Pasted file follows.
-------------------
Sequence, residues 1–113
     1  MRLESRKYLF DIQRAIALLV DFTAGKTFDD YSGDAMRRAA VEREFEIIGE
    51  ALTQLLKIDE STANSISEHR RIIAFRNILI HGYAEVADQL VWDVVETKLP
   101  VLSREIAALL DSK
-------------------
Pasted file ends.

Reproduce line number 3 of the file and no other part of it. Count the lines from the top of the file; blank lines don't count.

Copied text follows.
    51  ALTQLLKIDE STANSISEHR RIIAFRNILI HGYAEVADQL VWDVVETKLP